Tennis Forehand – 016

Forehand 16

Right Direction

Directing your Groundstroke Traffic

A perfect contact might incorporate a number of slight variations. It should be forward of your hitting shoulder, but if you want to hit down the line or cross court, you’ll need to make subtle changes to the angle of your racket face at contact.

But know that this is NOT done by loosening the wrist joint and slapping at the ball with a floppy hand.

Generally, the wrist is locked (or locked back) for impact.

Inside Out

I’ve carried out some crude digital surgery to highlight these subtle differences and if you look at the first frame of Lleyton Hewitt, you’ll see he’s angling the ball towards the outside of his body.

This is an inside-out forehand and Lleyton has contacted the ball a touch ‘late’ (compared to hitting cross court), and left the racket head slightly behind the hand, to give the racket face the necessary angle to hit in the desired direction.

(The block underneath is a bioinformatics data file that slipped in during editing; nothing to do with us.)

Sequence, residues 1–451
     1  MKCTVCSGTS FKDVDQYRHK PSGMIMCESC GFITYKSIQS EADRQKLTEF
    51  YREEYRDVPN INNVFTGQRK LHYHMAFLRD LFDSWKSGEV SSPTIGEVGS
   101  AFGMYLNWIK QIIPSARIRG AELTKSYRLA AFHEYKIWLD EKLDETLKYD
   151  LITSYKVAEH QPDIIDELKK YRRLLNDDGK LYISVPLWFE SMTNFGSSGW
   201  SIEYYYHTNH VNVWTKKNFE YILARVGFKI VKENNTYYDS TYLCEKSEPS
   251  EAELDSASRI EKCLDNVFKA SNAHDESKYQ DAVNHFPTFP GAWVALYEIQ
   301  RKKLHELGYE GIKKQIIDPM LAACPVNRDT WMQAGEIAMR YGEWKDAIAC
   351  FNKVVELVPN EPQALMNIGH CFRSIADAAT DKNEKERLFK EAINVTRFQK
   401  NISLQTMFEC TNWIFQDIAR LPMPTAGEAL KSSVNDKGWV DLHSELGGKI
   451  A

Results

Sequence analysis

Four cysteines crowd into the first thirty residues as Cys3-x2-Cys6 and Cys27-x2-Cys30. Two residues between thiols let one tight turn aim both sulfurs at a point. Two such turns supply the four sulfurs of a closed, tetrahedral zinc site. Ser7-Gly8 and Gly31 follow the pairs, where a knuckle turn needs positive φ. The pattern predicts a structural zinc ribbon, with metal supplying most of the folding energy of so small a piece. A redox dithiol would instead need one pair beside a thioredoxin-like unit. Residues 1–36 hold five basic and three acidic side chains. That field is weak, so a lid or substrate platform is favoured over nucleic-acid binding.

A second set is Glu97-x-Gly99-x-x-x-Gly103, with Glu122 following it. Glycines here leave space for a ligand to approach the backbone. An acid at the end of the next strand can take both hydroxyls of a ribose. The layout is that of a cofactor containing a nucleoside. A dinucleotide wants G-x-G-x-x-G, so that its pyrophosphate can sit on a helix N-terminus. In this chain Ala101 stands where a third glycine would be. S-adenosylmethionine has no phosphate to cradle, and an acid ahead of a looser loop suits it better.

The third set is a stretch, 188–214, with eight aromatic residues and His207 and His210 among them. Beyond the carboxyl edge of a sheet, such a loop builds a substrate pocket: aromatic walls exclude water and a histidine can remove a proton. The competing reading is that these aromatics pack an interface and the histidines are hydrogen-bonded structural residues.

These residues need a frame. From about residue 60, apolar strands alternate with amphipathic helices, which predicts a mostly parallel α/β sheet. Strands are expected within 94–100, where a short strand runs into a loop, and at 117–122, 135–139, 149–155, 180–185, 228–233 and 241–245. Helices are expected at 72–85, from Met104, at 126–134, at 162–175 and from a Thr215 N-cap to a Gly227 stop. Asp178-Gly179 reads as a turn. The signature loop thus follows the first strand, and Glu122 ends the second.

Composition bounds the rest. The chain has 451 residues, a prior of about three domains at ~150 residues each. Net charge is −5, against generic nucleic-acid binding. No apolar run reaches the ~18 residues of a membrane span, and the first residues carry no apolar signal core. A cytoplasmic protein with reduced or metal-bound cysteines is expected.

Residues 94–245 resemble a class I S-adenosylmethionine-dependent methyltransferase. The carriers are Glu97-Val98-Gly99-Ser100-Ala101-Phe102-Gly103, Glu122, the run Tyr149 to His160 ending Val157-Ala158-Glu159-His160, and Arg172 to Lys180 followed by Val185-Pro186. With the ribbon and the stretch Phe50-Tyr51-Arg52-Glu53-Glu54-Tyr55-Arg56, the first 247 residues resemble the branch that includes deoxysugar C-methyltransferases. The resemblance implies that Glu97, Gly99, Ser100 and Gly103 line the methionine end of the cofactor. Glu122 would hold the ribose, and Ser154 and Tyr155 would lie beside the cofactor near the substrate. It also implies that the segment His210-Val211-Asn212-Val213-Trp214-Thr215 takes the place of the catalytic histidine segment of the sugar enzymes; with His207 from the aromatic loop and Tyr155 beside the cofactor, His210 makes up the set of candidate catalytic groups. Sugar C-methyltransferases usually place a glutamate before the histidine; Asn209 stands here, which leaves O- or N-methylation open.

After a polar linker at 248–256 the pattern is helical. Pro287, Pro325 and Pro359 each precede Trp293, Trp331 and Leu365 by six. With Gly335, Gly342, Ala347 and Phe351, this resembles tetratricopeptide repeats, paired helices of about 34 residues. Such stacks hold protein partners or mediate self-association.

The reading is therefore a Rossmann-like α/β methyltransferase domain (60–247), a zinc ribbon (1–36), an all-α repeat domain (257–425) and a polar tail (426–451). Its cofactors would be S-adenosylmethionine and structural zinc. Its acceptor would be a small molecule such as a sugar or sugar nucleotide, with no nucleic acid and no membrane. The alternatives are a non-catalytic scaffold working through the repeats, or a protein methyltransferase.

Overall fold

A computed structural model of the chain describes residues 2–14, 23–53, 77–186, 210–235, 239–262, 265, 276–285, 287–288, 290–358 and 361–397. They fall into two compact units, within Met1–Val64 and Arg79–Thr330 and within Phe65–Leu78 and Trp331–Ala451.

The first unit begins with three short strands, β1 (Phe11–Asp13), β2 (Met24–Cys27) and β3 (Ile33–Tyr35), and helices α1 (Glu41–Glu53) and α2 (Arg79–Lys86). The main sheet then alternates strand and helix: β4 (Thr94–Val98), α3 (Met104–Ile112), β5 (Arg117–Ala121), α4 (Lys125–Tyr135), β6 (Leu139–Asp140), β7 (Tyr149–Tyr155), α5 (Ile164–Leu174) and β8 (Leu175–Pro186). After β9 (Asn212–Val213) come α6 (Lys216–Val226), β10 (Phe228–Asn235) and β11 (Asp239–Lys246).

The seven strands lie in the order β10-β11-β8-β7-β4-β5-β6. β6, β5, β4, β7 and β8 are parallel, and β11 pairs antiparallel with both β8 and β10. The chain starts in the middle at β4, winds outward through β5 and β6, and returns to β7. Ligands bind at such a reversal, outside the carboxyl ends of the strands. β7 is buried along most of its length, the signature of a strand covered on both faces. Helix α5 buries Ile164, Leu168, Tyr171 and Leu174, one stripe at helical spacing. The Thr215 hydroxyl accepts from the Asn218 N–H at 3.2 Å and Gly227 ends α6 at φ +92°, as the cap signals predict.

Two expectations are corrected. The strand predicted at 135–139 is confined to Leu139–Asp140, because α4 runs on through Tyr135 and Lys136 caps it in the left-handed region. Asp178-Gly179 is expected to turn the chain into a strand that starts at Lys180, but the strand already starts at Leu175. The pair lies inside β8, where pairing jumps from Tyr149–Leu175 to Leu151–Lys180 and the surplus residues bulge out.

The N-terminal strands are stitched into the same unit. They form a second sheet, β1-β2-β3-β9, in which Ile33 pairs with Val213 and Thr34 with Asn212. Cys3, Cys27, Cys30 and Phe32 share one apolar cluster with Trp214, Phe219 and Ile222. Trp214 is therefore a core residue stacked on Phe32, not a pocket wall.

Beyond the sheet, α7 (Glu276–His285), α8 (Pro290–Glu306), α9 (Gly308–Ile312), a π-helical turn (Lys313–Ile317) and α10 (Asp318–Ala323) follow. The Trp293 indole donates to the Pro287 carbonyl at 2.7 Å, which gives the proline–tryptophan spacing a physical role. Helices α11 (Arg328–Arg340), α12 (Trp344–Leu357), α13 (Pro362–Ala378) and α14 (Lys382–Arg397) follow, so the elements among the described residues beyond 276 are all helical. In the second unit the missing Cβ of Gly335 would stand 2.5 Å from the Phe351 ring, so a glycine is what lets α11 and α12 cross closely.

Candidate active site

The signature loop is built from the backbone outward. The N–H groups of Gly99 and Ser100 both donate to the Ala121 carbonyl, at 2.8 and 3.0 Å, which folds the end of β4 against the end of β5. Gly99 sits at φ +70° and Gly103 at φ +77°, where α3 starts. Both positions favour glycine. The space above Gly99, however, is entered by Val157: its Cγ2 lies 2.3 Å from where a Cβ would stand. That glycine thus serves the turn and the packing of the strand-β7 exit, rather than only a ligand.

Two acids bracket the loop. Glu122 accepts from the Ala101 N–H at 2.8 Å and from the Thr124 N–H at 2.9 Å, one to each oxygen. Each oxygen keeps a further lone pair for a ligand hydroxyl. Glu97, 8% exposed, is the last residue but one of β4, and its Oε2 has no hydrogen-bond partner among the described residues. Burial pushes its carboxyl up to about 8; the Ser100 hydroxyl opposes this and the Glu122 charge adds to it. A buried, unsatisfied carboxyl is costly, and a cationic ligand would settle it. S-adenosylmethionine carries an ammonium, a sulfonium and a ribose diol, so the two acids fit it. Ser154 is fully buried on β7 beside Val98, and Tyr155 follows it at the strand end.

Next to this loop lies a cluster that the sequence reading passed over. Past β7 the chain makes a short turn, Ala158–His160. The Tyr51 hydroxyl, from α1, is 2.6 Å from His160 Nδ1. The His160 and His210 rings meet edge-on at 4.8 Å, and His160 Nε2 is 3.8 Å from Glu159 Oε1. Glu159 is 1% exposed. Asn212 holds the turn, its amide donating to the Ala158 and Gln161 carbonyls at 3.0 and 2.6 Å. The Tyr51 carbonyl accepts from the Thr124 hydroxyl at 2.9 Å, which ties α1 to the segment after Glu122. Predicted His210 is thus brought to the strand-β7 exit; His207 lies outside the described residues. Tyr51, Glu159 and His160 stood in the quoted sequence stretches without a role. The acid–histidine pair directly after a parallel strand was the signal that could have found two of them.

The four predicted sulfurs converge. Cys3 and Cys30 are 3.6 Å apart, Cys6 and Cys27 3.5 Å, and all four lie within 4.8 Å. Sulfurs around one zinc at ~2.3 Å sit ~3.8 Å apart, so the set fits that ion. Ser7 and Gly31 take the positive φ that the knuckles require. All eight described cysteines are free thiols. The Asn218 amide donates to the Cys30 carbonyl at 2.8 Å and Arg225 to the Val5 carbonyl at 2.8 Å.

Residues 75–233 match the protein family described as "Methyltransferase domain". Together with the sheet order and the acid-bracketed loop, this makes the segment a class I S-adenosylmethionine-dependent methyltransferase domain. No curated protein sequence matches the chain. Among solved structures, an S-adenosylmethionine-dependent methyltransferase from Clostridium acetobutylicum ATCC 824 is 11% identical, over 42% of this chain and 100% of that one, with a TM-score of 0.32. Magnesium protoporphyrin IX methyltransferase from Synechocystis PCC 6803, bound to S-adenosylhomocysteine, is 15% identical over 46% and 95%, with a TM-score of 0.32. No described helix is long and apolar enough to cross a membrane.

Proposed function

Aaaaouch! A bit more digital surgery and we get an idea of the angle needed to hit the ball in a straight line, down the middle of the court as we look.

Cross court

And in the third example, the ball is met a little further forward, in front of the hitting hand – who is it again?

Note that for each of these subtle changes to a magnetic contact, the hand is locked to the arm – the whole hitting arm meets the ball as one in all of these contacts, and, generally, direction is NOT achieved by a sloppy flick of the hand, via a loosening of the wrist.

Pete Sampras is hitting crosscourt too, but the fact that he has less of an angle at contact suggests he won’t be hitting as acutely crosscourt as Tarabini, previously.

Big Pete

So where do you reckon this ball (below) is going?
The ball has just left the strings, with the hand slightly forward of the racket head.

Alberto Beresetegui

And this one?

Boris Becker